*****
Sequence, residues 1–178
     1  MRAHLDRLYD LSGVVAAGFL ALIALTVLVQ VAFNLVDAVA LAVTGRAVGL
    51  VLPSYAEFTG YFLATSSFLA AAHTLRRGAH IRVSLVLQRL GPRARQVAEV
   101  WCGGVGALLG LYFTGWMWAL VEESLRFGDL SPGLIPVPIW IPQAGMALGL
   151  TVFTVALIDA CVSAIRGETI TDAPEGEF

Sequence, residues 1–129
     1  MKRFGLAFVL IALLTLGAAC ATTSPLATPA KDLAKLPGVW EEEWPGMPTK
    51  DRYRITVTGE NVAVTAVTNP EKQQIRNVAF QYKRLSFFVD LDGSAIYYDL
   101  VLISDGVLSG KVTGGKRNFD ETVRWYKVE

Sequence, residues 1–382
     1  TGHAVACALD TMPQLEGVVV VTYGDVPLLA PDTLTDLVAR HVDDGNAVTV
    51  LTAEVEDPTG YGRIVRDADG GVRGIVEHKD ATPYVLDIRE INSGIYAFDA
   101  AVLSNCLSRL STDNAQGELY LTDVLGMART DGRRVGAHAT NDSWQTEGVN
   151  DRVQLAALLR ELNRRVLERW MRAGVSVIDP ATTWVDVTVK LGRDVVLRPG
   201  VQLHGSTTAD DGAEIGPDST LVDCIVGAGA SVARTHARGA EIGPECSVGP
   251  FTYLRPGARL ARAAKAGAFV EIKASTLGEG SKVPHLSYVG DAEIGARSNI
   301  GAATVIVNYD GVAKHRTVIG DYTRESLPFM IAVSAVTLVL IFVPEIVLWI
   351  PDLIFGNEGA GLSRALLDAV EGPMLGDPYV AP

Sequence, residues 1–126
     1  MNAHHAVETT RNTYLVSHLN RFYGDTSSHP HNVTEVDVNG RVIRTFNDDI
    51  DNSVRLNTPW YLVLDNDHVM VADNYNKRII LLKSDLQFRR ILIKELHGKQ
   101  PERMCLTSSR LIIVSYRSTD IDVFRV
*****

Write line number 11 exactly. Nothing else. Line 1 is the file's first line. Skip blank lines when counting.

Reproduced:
     1  TGHAVACALD TMPQLEGVVV VTYGDVPLLA PDTLTDLVAR HVDDGNAVTV